Fire & Life Safety: Audibility for All?

March 13, 2015
Sometimes notification appliances are required by NFPA; other times it may only be required by the building owner

A reader who was upgrading a fire alarm system in an old country church recently emailed in and asked me if he always had to install audible notification appliances so that they provide 15 dB above the normal sound level “throughout” the building. This is a more complicated issue than his question suggests. The rules vary for code-required systems as opposed to optional fire alarm systems installed according to the owner’s wishes.

Required Systems

For required systems, specific rules are provided in the building and fire codes. The level of fire alarm and detection requirements are determined first by what the building is used for.

The first step is finding the list of occupancy types shown in Chapter Three of the ICC Building/Fire Codes and noting its letter designation (plus any number designation) for the project building. For our reader’s example, under Assembly occupancies, you find five Assembly sections numbered 1 through 5. The list under section A-3 is contains “Places of religious worship.” Next, look in Chapter Nine, section 907.2 for the minimum level of protection for the specific occupancy types. Where you see the section for “A – Assembly” then apply these rules to all the “A” occupancy types numbered A-1 through A-5.

Under the letter “A”, read to see if the building’s size, contents or occupant load will also be a factor. Let’s say the occupant load is 300 persons, has no elevator and is un-sprinkled.

Chapter 9, section 907.2.1 covers “Group A” requirements: “A manual fire alarm system that

activates the occupant notification system in accordance with Section 907.5 shall be installed in Group A occupancies where the occupant load due to the assembly occupancy is 300 or more.”

Since our reader’s example held 300 persons, then occupant notification would be required in accordance with 907.5. Turning to 907.5, you will find the audibility requirements. Under “Audible alarms” you will find that it does not use the word “throughout” — but is more precise by stating audibility is required “in every occupiable space within the building.” This means that audible notification is not required in the non-occupiable areas of a protected building or structure. It also states “within” — meaning that notification appliances are not required to be installed outdoors, either.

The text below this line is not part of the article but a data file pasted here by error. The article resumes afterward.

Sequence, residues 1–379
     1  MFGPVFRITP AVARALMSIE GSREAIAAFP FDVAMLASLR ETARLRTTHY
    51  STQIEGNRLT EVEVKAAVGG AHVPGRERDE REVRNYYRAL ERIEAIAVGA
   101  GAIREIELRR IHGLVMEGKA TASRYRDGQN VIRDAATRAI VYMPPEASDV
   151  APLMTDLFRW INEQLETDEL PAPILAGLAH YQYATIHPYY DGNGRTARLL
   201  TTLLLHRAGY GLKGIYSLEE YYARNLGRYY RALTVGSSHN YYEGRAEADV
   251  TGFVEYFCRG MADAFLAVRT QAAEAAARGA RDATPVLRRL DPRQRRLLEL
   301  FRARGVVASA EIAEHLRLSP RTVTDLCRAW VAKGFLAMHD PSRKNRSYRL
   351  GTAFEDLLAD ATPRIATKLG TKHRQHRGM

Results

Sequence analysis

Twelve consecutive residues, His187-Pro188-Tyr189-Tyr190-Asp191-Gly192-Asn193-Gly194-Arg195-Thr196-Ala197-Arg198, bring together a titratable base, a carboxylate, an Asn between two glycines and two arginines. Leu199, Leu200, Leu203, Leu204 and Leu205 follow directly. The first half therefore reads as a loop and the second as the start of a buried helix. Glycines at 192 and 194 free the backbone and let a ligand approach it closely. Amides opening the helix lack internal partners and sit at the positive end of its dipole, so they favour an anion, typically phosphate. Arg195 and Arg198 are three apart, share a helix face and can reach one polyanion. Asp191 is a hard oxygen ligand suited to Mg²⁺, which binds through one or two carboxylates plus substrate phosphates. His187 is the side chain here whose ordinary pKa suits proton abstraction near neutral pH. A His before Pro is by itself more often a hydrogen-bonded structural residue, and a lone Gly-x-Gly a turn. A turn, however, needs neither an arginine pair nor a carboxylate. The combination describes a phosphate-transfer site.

Understanding the Term “Occupiable”

Key to understanding which areas are not required to be able to hear a fire alarm signal is knowing the meaning of the term “occupiable space.” The ICC codes define it as “A room or enclosed space designed for human occupancy in which individuals congregate for amusement, educational or similar purposes or in which occupants are engaged at labor, and which is equipped with means of egress and light and ventilation facilities meeting the requirements of this code.” Thus, attics, crawl spaces, open parking garages, closets and similar rooms or spaces are not required to be included in your notification appliance layout. Just because someone is able to climb or squeeze into a room or space does not mean it is occupiable, and must be provided with audible or visible notification.

Recently, NFPA added the following two terms to NFPA 72:

  • Occupiable — a room or enclosed space designed for human occupancy.
  • Occupiable Area — an area of a facility occupied by people on a regular basis.

The Annex explains that “occupiable” is used “to determine areas that require certain features of a system. It is important for designers to understand that unless otherwise required, spaces that are not occupiable might not require or need coverage by initiating devices or occupant notification appliances. For example, most closets would not be considered to be occupiable; however, a space of the same size used as a file room would be considered occupiable.”

Designers and most technicians know that the terms in NFPA 72 are only applied by the local authority having jurisdiction if they are not first provided by their adopted building and fire codes. I sometimes use the NFPA definitions to help me understand NFPA standards they appear in — but I will always refer to the building/fire code definition as the official meaning, since this is the only version officially used by the inspectors and fire code officials.

The reader’s problem stemmed from someone asking why the notification appliances could barely be heard, and the reader’s lack of confidence caused him to forget that the room they were in was not actually (and legally) considered an “occupiable area.”

Non-Required Systems

Suppose the church holds only 299 persons — then the installation of any fire alarm system would be considered “non-required.” The building/fire codes state that equipment would still have to be installed properly, but the level of protection would be up to the owner. For example, several automatic detectors could be installed in key locations, a keypad installed in the church’s office area with a horn in the basement’s custodial area. Stating the system complies with the owner’s performance requirements and operates in the “private mode” should allow the plans to sail through the permit/approval process since this limited system actually exceeds the minimum code requirements for audibility (none) even though it uses just one horn and a beeping keypad.

Once again, we see that knowing how the building/fire codes relate to standards such as NFPA 72, is key to providing the necessary protection for a building’s occupants and yet allow for proper voluntary systems to also pass the permit and inspection process.

Greg Kessinger is SD&I’s fire alarm and codes expert and a regular contributor. Please email him your fire & life safety questions at [email protected].